On one visit in the mid 1980s, we asked and he accepted our invitation to a tasting at the Farmer Bros Wine and Spirits warehouse in the inner Sydney suburb of Waterloo.

We promoted Pol Roger’s visit through our monthly wine newsletter and a full-page advertisement in the Sydney Morning Herald. Here was an opportunity, we said to customers, to meet the famous Mr Pol Roger and pick up a magnum or two at a great price.

Mr Pol Roger worked tirelessly through a busy Saturday, talking to customers, pouring wine, and signing magnums – a task well removed from the usual smaller scale trade tastings he traditionally hosted. His labours proved a huge success for us commercially, for the Pol Roger brand and for the many customers who met him and enjoyed his Champagne.

Visiting Champagne heads customarily dispense largesse to the trade, as we well knew from long experience. They’ll wine you, dine you and leave you with a good impression of their product.

Berowra Waters Inn as it is today – not much changed in appearance from when Gay Bilson owned it over 30 years ago

On this occasion, however, we insisted Christian be our guest at Berowra Waters Inn – an invitation he accepted graciously but with some surprise. Under Gay Bilson, the waterside restaurant, located in one of Sydney’s remote and dramatic sandstone gorges, was then at its outstanding peak.

Bilson had recently converted her wine list to an all-Australian affair, with one exception, a house Champagne. From memory (possibly unreliable) it was Louis Roederer, though certainly not Pol Roger.

We also knew from experience visiting Champagne heads understandably prefer to drink their own product. I therefore took the precaution of phoning Gay Bilson ahead of the dinner and asking if she’d adopt Pol Roger as house Champagne for the evening.

She understood the situation and obliged. On a balmy Sydney evening we drove Pol Roger to Berowra. Delighting at the beautiful bush, sandstone and water setting, Pol Roger stepped into the aluminium skiff for the short ride to the restaurant. Bilson greeted us at the door, Pol Roger Champagne was poured and we sat down to a memorable Bilson meal in the unique setting.

More than 30 years later the Champagne folk continue to arrive, the latest being a Canberra visit by Francois Colas, representing Champagne Bruno Paillard, a comparative newcomer to the region’s ranks.

Bruno Paillard and daughter Alice at the blending bench

Bruno Paillard founded the company in 1981 and for the first 10 years bought grapes from growers. From 1984 he began acquiring vineyards, initially in Oger, and now owns 33-hectares spread over 17 villages.

Colas says the company now controls two thirds of its grape sourcing and buys the rest. Grapes come from 35 villages.

Bruno Paillard continues to run the business while gradually handing control to his daughter Alice.

The wines are very much in Champagne’s ‘built’ style. Fruit flavour underpins the blends. But winemaker inputs add many layers to texture and flavour. For Bruno Paillard these influences include barrel fermentation of 26% of all varietal components; extensive use of older reserve wines (up to 50% in the non-vintage), prolonged ageing on yeast lees, followed by six-months to three years maturation after disgorgement.

Champagne Bruno Paillard Premiere Cuvée NV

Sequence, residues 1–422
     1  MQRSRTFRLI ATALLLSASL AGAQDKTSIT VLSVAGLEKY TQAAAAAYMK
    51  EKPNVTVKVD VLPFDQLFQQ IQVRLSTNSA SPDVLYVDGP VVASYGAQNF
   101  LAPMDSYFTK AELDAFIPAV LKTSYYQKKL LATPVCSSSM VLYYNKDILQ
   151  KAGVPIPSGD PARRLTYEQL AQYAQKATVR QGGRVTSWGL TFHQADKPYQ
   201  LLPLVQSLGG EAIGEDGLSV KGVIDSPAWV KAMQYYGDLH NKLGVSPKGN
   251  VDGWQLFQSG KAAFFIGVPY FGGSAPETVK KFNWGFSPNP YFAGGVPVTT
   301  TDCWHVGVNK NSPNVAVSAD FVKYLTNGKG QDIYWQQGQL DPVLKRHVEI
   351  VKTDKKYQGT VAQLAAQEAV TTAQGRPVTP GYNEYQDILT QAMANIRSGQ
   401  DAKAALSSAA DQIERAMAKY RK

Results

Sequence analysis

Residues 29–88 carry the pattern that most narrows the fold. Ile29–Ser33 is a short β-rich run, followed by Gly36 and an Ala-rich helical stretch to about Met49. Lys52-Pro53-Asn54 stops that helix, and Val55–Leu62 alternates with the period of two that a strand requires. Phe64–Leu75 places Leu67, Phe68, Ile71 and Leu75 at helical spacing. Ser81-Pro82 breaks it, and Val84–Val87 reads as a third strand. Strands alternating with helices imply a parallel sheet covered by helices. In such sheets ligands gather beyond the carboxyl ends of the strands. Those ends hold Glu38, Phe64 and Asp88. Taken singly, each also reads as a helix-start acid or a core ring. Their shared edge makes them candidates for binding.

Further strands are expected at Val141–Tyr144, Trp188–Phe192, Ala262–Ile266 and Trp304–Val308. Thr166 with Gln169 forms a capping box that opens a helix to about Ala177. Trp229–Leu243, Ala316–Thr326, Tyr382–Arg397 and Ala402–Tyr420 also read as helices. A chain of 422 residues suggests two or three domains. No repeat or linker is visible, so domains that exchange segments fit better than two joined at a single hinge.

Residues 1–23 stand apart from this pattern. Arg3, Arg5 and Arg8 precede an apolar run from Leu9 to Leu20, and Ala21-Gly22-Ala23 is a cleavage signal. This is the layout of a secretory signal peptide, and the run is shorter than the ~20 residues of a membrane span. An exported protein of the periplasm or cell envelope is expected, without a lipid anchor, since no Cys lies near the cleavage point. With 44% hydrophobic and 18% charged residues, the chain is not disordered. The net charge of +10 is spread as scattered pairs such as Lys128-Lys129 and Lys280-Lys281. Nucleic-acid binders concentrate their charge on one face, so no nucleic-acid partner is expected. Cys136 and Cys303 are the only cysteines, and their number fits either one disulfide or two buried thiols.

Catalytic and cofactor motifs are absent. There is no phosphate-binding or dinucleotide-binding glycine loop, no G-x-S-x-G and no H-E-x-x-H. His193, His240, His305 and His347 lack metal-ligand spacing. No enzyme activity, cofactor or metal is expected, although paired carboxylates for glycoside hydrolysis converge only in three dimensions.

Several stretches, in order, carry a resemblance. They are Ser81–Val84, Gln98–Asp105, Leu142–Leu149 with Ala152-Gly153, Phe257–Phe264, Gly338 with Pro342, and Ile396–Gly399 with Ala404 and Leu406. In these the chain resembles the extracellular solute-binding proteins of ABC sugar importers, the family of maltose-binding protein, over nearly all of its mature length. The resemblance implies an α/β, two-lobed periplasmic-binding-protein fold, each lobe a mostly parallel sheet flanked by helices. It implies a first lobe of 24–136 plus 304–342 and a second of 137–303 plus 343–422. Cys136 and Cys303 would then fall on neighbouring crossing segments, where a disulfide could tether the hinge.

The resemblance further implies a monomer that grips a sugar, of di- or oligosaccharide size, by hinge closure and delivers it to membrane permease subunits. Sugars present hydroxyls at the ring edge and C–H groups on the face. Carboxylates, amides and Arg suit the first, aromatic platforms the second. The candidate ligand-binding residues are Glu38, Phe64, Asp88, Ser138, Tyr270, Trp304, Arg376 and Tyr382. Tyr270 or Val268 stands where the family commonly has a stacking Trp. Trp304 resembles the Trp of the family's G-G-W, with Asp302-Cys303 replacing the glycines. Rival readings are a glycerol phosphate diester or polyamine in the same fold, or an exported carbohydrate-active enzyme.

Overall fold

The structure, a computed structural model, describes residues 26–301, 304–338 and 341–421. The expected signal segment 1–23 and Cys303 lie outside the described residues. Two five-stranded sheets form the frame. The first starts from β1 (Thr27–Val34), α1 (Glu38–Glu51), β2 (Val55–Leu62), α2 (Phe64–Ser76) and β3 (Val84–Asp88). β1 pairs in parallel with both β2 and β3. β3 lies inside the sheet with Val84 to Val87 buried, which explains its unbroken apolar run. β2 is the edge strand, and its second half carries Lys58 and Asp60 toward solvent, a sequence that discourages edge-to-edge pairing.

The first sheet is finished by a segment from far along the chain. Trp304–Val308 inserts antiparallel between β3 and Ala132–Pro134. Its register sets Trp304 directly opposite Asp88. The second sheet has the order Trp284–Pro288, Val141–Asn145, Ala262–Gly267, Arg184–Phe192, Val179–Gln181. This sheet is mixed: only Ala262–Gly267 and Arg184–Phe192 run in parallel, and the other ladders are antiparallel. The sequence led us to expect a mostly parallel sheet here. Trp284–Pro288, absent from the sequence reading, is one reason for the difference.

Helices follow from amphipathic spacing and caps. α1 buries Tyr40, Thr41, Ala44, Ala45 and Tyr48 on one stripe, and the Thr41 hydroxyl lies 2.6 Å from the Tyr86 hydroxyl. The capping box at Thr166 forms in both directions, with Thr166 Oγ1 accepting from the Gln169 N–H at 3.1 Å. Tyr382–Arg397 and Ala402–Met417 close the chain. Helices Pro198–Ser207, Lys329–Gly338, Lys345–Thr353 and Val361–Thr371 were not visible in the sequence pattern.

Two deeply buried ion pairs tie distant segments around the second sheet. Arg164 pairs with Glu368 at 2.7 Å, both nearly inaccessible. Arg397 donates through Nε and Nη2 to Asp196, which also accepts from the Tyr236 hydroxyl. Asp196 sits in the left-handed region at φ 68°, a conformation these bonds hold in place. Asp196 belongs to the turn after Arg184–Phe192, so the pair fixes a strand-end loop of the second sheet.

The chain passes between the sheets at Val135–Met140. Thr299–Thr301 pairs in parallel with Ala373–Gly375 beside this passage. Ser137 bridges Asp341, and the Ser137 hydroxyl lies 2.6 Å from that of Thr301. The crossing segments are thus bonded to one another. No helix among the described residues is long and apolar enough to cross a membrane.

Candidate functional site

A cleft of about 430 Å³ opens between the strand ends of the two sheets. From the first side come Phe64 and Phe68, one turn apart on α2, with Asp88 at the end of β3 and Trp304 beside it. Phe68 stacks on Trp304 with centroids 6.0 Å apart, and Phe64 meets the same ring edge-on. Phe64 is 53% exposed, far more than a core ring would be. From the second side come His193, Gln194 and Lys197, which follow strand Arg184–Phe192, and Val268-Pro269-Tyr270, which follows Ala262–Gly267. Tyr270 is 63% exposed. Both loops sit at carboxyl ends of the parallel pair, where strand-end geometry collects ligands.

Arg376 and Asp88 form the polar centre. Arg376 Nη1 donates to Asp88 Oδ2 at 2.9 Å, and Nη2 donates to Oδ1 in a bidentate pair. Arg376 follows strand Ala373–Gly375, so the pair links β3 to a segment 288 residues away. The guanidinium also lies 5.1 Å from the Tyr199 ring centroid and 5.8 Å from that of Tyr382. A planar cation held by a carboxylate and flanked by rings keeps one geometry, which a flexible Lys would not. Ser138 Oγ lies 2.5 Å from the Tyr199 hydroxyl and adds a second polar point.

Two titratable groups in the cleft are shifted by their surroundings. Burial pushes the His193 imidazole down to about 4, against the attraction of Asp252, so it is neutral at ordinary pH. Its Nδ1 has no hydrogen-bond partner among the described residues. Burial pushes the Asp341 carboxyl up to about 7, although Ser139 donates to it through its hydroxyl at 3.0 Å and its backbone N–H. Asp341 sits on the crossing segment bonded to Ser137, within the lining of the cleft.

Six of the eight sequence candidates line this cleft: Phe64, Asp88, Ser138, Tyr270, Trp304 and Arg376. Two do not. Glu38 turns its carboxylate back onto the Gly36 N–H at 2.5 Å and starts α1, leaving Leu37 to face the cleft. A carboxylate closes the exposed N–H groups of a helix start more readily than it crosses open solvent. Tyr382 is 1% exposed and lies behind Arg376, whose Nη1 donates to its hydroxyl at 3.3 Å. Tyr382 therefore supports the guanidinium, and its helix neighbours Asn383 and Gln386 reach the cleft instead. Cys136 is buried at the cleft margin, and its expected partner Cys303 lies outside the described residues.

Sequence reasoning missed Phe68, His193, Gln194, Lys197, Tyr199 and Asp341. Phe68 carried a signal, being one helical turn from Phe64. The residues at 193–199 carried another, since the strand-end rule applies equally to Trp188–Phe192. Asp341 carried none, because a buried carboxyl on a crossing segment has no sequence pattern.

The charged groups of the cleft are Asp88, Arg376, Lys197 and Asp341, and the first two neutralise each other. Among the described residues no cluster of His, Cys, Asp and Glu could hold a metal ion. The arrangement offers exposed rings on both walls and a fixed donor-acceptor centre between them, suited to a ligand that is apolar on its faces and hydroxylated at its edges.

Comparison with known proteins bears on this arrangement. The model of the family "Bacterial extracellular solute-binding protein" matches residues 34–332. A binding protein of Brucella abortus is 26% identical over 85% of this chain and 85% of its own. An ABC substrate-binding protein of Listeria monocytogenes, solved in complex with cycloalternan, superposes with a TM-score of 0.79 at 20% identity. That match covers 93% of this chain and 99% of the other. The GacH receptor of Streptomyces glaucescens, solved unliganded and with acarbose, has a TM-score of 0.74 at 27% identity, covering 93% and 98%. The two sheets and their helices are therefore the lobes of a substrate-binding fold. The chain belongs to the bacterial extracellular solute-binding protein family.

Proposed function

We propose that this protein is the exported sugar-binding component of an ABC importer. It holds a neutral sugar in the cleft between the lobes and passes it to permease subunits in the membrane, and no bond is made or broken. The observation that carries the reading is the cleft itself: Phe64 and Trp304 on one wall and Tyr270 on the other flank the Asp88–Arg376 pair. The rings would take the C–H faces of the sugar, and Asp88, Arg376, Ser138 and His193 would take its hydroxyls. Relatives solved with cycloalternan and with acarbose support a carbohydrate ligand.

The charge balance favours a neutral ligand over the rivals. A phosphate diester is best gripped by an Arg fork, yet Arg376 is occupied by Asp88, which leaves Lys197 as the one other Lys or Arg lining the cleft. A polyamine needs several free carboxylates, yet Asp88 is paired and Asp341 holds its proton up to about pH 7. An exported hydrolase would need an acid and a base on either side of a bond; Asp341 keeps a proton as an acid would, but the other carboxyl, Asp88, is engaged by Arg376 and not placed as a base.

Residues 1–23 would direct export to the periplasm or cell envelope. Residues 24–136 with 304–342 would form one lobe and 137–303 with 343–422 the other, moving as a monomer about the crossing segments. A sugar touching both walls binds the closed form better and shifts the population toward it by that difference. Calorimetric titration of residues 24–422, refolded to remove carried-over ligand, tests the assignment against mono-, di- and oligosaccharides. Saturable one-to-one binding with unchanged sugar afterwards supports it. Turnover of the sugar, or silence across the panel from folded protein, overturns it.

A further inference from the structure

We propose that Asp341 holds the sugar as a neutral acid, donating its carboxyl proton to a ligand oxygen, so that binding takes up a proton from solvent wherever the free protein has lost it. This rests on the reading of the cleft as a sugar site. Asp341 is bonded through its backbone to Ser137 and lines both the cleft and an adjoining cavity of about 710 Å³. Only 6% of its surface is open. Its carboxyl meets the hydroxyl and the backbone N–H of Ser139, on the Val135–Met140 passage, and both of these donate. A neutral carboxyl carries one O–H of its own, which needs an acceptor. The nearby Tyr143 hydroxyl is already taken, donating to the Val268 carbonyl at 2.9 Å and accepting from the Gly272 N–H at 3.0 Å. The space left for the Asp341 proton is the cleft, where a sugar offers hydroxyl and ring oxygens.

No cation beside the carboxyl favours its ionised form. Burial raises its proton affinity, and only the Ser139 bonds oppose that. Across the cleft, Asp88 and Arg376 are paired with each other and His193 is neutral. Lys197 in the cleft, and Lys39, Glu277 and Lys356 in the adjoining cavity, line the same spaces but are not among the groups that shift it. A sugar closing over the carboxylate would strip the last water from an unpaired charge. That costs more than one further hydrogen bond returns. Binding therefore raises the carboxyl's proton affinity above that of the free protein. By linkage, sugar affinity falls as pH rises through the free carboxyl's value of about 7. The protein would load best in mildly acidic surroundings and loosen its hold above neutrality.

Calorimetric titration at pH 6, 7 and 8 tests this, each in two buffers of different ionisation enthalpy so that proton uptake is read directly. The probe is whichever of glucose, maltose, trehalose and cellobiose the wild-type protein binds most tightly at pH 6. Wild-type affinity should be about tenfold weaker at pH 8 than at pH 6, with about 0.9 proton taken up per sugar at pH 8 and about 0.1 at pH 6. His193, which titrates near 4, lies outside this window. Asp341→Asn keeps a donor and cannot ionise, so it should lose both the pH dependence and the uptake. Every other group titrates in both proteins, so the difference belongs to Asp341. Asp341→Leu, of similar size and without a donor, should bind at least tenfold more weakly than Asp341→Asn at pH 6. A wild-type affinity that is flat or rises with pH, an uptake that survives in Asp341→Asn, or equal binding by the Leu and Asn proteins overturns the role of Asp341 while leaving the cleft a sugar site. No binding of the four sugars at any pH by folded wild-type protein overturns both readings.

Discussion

Pinot Noir 45%, chardonnay 33%, pinot meunier 22%
Disgorged June 2017. Minimum three years maturation on lees
An impressive NV (or multi-vintage as Paillard calls it), showing the benefit of extended ageing on lees. Many NVs on the market show simple fruit flavours and lack the depth of those aged on lees. Paillard’s offers delicious fruit flavours coated in Champagne’s lovely add-ons, in a fine, lean, taut style.

Champagne Bruno Paillard Assemblage Vintage 2008
42% chardonnay, 42% pinot noir, 16% pinot meunier
disgorged June 2015
From a great Champagne vintage, the wine combines freshness, the structural and flavour characters of long maturation on yeast lees, and delicious underlying fruit character. Pinot flavours push through while the chardonnay is probably behind a zingy, fresh, lemony finish.

Champagne Bruno Paillard Blanc de Blancs 2006
Chardonnay. Disgorged March 2015
A little over 11 years old on tasting, Blanc de Blancs belied its age with a shimmering med-lemon-gold, green tinted colour. The freshness suggested by the colour came through in the aroma and palate as a vibrant pear-like character. However, the backbone derived from lees ageing, along with a subtle almond-like character, contributed to the lingering, satisfying finish.

Bruno Paillard Nec Plus Ultra 2002
From five grand-cru vineyards. Chardonnay 50%, Pinot Noir 50%
Made only in great vintages. Disgorged 2014.
A beautiful, elegant Champagne, layers of flavour, firm but fine structure with finesse.

Champagne Bruno Paillard Rosé Premiere Cuvée
Pinot noir with a splash of chardonnay. Three years on lees.
High level of reserve wines, a blend of 25 vintages from 1985
A powerful and fine rosé built on pinot noir varietal flavour and the variety’s firm backbone, augmented by its three years on lees.

Copyright © Chris Shanahan 2018

Tasting an Aussie blue-chip: Tyrrell’s Vat 47 Chardonnay 2004–2017

Bruce and Chris Tyrrell, viticulturist Andrew Pengilly, winemaker Andrew Spinaze. Bennelong Restaurant, Sydney Opera House, 20 March 2018.

Tyrrell’s turns 160 this year. Marking the anniversary, Bruce Tyrrell, his son Chris, winemaker Andrew Spinaze and vineyard manager Andrew Pengilly held a tasting of Vat 47 Chardonnays, vintages 2004 to 2017.